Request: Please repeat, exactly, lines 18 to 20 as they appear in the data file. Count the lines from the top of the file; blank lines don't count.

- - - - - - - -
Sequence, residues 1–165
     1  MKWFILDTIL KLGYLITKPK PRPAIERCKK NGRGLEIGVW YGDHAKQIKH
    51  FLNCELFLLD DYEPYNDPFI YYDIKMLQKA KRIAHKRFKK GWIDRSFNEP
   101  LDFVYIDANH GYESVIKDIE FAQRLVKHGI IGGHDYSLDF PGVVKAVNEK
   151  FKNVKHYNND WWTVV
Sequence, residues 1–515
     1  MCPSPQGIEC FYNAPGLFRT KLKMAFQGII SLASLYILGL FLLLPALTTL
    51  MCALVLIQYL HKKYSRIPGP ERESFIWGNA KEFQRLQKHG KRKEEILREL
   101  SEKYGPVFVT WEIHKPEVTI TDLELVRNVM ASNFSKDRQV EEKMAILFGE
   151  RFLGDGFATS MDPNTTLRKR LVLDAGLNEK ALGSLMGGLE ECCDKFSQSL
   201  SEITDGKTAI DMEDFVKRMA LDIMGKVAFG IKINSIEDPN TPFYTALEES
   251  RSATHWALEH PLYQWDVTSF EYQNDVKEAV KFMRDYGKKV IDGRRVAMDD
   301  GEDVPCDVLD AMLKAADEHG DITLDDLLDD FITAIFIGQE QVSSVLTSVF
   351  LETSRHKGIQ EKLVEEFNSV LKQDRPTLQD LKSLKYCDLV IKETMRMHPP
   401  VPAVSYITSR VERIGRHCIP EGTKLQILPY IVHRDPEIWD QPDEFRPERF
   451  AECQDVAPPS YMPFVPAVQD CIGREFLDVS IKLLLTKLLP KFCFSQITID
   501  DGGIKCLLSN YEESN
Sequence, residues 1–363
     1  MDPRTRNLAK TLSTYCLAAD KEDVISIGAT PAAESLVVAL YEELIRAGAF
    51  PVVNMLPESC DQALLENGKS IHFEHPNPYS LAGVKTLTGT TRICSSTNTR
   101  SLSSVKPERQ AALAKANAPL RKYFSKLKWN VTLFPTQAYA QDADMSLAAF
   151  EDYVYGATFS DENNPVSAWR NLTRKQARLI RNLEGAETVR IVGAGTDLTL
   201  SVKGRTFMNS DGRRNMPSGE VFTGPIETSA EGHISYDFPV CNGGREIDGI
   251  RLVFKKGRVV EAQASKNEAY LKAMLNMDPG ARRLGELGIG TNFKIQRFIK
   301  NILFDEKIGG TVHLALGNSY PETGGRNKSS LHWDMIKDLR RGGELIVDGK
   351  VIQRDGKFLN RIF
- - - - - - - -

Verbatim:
Sequence, residues 1–363
     1  MDPRTRNLAK TLSTYCLAAD KEDVISIGAT PAAESLVVAL YEELIRAGAF
    51  PVVNMLPESC DQALLENGKS IHFEHPNPYS LAGVKTLTGT TRICSSTNTR